Tea tree oil, from the melaleuca tree, is a proven natural antifungal treatment, as shown by a study conducted by the New York University Langone Medical Center. The centre performed a double-blind, placebo-controlled study on the treatment of athlete's foot using tea tree oil. The oil may also be effective in treating candidiasis, a yeast infection in the mouth, vagina or urinary tract or on the skin or stomach. The medical centre results showed tea tree oil to be effective in both a solution and cream form, which can be made at home for topical use.
- Skill level:
Things you need
- Glass jar or bottle with at least 100 millilitres (about 1/2 cup) of capacity, with a lid
- Graduated cylinder
- 50 millilitres of tea tree oil
- Small jar or container with at least 150 millilitres (about 3/4 cup) of capacity, with a lid
- 3.5 tbsp of beeswax
- 3.5 tbsp of lanolin
- 1 tbsp measuring spoon
- 1/2 tbsp measuring spoon
- Small mixing bowl
- Wooden spoon
Measure 50 millilitres of water and place into a clean glass jar or bottle using a graduated cylinder or eyedropper.
Measure 50 millilitres of tea tree oil out using an eye dropper and place into the glass jar or bottle with the water.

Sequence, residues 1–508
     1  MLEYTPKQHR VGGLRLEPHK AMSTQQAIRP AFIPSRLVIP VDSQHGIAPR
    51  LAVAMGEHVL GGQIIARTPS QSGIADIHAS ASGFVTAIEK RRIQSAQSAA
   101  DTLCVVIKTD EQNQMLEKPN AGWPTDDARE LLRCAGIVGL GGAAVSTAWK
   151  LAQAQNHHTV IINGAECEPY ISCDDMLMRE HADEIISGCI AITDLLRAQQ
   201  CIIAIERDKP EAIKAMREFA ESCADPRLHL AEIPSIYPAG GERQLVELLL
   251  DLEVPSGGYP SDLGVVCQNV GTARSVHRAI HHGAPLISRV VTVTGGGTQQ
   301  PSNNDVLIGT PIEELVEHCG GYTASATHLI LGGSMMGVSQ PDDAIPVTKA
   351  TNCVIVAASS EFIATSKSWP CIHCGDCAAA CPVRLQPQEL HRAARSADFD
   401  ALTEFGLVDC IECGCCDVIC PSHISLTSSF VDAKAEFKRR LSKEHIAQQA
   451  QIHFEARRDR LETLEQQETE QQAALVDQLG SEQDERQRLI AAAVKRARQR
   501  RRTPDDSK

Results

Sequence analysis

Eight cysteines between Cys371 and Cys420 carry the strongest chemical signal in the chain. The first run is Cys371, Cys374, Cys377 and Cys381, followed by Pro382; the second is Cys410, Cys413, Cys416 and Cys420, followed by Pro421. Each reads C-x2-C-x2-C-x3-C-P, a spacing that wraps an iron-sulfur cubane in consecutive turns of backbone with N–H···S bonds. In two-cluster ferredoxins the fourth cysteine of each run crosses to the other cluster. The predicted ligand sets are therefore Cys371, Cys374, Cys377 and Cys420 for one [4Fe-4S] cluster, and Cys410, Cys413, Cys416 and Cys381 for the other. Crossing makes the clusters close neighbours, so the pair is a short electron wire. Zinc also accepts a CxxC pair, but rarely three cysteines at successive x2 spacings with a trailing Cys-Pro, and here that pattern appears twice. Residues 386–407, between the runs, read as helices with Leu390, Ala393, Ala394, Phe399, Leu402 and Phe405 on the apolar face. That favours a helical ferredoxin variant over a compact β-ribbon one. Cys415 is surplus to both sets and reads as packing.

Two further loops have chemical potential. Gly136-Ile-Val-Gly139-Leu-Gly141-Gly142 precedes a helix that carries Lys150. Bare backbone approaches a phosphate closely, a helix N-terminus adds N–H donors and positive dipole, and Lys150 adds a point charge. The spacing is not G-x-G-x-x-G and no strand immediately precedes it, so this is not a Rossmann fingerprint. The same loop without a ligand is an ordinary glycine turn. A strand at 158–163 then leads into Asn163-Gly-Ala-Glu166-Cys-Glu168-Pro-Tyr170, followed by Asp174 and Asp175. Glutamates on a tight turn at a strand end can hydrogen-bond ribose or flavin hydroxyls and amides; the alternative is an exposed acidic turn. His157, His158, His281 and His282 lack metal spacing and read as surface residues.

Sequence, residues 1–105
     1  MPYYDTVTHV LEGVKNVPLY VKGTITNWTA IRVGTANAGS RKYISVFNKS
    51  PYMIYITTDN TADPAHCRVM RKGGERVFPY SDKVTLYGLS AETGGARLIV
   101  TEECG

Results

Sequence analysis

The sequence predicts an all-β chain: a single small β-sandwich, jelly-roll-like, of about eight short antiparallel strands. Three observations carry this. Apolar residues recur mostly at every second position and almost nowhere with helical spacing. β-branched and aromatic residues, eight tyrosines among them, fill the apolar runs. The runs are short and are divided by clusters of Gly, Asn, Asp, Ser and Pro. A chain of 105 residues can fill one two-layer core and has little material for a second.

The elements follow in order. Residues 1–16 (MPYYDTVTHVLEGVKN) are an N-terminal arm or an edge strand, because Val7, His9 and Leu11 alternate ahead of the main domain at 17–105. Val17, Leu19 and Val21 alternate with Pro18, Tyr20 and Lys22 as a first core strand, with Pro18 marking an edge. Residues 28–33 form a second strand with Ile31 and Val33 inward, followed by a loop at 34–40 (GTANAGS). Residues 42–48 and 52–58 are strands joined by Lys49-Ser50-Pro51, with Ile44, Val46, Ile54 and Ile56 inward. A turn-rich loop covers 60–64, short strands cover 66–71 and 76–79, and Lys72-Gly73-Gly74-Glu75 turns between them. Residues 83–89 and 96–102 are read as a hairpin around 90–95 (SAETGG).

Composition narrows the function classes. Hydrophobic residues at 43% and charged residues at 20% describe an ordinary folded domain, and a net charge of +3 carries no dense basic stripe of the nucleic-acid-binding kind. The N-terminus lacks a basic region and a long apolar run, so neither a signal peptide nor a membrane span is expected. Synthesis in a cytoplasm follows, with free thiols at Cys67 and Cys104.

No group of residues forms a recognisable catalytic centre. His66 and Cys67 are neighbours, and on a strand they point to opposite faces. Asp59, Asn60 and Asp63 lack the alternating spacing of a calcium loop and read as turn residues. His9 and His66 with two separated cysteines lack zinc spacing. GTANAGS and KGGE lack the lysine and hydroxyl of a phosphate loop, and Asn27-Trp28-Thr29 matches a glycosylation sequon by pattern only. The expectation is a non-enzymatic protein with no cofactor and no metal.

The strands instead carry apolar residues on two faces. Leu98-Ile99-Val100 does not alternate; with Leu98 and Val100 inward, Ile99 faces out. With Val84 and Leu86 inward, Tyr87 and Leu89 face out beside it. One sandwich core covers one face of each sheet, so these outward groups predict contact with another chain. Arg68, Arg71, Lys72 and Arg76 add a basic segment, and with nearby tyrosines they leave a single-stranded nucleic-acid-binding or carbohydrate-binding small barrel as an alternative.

Mix well and seal the bottle or jar with a lid and store in a cool dry place.
Mix well before using and apply a few drops of the tincture to the affected area.
Place 3.5 tbsp of beeswax into a mixing bowl using the measuring spoons.
Add 3.5 tbsp of lanolin to the mixing bowl with the beeswax using the measuring spoons and warm in the microwave at 30-second intervals until the substances are soft enough to blend.
Measure out 50 millilitres of tea tree oil using a graduated cylinder and pour into the mixing bowl. Mix to combine the ingredients thoroughly.
After the mixture has cooled, transfer the contents to small jar or container and seal.
Apply a small amount to the affected area when needed.
Tips and warnings
- If you do not like the smell of tea tree oil, you may add a few drops of lavender essential oil to your tincture or cream using an eyedropper before mixing.
- Tea tree oil is toxic if ingested. Tea tree oil antifungal treatments are for topical use only and should not be used inside of the mouth or other orifices of the body.
- Tea tree oil can be irritating to the skin. Before using a tincture or cream made with the oil, you should apply a test application to a non-sensitive area of your skin and observe for any adverse reactions. If your skin becomes irritated or other reactions occur, discontinue use immediately and contact your health care provider.
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